37 (217 patient cases)

Not reported

White and Black

Medical chart abstraction and analysis regarding treatment of bone fractures with analgesics

(+) White patients were significantly more likely than Black patients to receive ED analgesics, despite similar records of pain complaints in the medical record.

Retrospective design. Potential misclassification of outcomes, demographic details and potential confounders.

Moderate

Van Ryn & Burke23

USA

State hospitals

Cardiologists, cardiac surgeons

193 (618 patient–physician encounters)

White, African American, Asian, Hispanic, Other

White, African American

Questionnaire regarding physicians’ perceptions of patients’ abilities and personality characteristics, physicians’ feeling of affiliation toward the patient, perceived behavioral likelihoods and role demand

(+) Physicians’ perceptions of patients were influenced by patients’ sociodemographic characteristics. For example, patient race was associated with physicians’ assessment of patient intelligence, feelings of affiliation toward the patient, and beliefs about patient’s likelihood of risk behavior and adherence with medical advice.

Not all confounding and bias considered. Non-standardized survey instrument.

Moderate

Weisse et al.63

USA

Not reported

Attending physicians, residents

712

White, Black, Hispanic, Asian/Pacific Islander, other

White and Black

Vignettes followed by questionnaire regarding assessment and management of pain

(ø) No overall differences by patient gender or race were found in decisions to treat or in maximum permitted doses.

28 % response rate. Not all confounding and bias considered. Limited statistical analysis.

Moderate

Weisse et al.55

USA

Not reported

Attending physicians, residents

111

White, Black, Hispanic, Asian/Pacific Islander, other

White and Black

Vignettes followed by questionnaire regarding assessment and management of pain

(ø) No overall differences with respect to patient gender or race in decisions to treat or in the maximum permitted doses.

Convenience sample. 50 % response rate. Not all confounding and bias considered. Limited statistical analysis.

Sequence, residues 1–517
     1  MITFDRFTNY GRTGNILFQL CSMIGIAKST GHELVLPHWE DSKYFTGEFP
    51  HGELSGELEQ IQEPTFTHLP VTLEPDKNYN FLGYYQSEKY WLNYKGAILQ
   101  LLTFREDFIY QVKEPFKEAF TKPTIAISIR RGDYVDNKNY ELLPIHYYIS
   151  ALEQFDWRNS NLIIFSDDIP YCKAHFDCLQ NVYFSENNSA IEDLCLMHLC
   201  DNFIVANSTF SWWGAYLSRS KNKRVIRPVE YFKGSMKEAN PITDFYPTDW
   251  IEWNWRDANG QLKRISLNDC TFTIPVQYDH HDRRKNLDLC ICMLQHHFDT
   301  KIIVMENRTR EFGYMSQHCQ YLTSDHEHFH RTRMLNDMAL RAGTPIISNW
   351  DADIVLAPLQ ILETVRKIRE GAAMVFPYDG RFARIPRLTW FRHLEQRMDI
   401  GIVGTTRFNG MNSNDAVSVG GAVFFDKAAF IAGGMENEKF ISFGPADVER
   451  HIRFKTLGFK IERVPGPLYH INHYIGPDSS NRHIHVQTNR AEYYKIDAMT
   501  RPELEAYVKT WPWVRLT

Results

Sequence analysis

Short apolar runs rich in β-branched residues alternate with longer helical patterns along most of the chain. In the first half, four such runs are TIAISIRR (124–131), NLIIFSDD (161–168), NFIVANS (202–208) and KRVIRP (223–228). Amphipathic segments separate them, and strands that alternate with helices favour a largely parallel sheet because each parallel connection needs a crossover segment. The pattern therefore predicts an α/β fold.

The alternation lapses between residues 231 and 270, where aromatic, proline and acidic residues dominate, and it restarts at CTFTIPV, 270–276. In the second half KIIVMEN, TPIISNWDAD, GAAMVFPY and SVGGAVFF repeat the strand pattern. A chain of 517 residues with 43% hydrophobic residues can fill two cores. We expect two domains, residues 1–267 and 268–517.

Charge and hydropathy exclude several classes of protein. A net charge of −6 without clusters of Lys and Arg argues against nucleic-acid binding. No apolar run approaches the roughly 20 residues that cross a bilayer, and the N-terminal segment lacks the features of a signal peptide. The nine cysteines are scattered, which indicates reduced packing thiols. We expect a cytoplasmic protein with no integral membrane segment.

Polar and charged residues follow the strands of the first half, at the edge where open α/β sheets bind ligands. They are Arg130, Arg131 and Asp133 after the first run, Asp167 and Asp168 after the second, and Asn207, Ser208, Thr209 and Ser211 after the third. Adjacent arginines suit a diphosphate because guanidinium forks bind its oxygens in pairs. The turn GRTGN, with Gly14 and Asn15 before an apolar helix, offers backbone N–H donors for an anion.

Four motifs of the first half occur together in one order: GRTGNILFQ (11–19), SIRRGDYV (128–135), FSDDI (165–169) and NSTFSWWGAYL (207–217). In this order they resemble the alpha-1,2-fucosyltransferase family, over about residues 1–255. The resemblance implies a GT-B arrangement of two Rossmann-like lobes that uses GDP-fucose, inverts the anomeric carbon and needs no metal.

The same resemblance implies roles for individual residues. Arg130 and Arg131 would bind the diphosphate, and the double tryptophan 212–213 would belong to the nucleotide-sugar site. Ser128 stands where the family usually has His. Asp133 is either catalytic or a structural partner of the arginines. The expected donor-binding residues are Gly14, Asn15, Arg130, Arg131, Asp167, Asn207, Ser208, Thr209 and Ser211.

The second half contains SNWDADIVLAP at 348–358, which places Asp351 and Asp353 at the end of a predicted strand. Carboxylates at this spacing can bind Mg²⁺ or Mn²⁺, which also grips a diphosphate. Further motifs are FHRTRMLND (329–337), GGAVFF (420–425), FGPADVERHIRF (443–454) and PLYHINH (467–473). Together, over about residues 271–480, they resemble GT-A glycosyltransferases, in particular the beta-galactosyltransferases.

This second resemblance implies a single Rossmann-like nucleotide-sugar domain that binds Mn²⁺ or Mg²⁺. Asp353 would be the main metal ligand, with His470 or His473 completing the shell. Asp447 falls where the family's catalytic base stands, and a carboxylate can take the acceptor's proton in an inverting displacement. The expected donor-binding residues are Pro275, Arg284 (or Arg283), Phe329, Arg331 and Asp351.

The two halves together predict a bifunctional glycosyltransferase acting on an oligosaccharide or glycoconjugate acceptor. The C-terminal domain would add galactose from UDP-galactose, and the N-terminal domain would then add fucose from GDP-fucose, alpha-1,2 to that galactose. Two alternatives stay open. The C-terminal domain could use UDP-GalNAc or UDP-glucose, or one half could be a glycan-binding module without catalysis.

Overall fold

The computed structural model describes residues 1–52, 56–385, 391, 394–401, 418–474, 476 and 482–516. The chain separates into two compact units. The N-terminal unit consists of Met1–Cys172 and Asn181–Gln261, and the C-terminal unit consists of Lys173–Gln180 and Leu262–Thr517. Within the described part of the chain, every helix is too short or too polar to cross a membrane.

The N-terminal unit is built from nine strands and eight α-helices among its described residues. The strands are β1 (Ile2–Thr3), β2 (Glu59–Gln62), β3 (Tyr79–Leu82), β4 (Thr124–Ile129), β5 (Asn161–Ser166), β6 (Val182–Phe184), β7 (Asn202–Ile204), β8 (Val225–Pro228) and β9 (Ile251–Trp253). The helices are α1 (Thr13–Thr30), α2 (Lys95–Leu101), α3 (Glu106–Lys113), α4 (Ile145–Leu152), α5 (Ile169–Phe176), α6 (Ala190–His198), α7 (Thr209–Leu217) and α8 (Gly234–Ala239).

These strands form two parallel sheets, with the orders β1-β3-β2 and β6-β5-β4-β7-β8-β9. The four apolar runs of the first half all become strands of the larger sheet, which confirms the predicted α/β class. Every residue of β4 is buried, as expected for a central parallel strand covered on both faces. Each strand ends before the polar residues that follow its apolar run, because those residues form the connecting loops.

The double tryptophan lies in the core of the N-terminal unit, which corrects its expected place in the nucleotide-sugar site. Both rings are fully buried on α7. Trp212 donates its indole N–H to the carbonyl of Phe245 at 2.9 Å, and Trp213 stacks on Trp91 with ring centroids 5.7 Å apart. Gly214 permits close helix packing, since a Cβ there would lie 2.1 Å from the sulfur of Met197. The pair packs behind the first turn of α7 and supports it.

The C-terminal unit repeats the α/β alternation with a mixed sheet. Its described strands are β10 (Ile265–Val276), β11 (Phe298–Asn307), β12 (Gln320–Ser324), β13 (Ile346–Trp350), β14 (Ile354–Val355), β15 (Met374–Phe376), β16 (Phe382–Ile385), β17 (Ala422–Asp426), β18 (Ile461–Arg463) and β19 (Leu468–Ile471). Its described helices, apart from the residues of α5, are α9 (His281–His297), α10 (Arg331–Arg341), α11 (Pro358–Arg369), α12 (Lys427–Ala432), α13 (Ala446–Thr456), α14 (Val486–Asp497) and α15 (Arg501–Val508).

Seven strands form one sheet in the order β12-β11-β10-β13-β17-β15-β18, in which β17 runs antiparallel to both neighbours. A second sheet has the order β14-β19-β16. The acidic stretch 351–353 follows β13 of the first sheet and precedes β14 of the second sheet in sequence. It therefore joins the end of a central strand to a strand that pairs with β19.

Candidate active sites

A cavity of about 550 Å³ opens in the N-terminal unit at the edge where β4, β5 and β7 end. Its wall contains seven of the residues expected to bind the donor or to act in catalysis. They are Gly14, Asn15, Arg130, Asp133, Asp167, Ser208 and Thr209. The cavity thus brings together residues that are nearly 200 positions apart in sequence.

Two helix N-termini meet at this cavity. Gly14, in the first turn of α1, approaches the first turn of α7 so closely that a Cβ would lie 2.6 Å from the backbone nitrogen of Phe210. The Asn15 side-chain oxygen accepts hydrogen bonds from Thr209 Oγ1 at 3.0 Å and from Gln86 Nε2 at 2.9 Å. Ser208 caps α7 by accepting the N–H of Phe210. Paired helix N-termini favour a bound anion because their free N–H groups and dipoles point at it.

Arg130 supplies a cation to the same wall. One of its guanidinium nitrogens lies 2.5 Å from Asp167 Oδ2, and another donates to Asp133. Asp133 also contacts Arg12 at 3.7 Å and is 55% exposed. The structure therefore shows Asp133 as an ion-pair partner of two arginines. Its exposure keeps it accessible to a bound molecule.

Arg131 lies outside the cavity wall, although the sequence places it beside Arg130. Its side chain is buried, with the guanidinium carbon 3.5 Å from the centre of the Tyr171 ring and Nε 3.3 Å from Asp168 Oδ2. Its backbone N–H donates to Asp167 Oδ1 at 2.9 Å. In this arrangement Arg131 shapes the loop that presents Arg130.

Moderate

aHMO Health Maintenance Organization

bIAT Implicit Association Test

Measurement of Racism

Direct measures of racism occur when the attribute being assessed is asked about specifically, while indirect measures require inference from collected data.20,21 Although the terms direct and indirect are utilized in this review, various other terms are commonly used, including: automatic vs. controlled, spontaneous vs. deliberate, implicit vs. explicit, impulsive vs. reflective and associative vs. rule-based/propositional.22

Direct Measures

Self-completed surveys were the most commonly utilized direct measurement approach.2337 Van Ryn & Burke23 assessed beliefs about patient abilities and personality characteristics through physicians rating a series of semantic differentials (intelligent-unintelligent; self-controlled-lacking self-control; pleasant-unpleasant; educated-uneducated; rational-irrational; independent-dependent; and responsible-irresponsible). Providers rated patients on stereotypes in terms of how likely they were to: lack social support; exaggerate discomfort; fail to comply with medical advice; abuse drugs, including alcohol; desire a physically active lifestyle; participate in cardiac rehabilitation (if it were prescribed); try to manipulate physicians; initiate a malpractice suit; have major responsibility for the care of a family member(s); and have significant career demands/responsibilities.23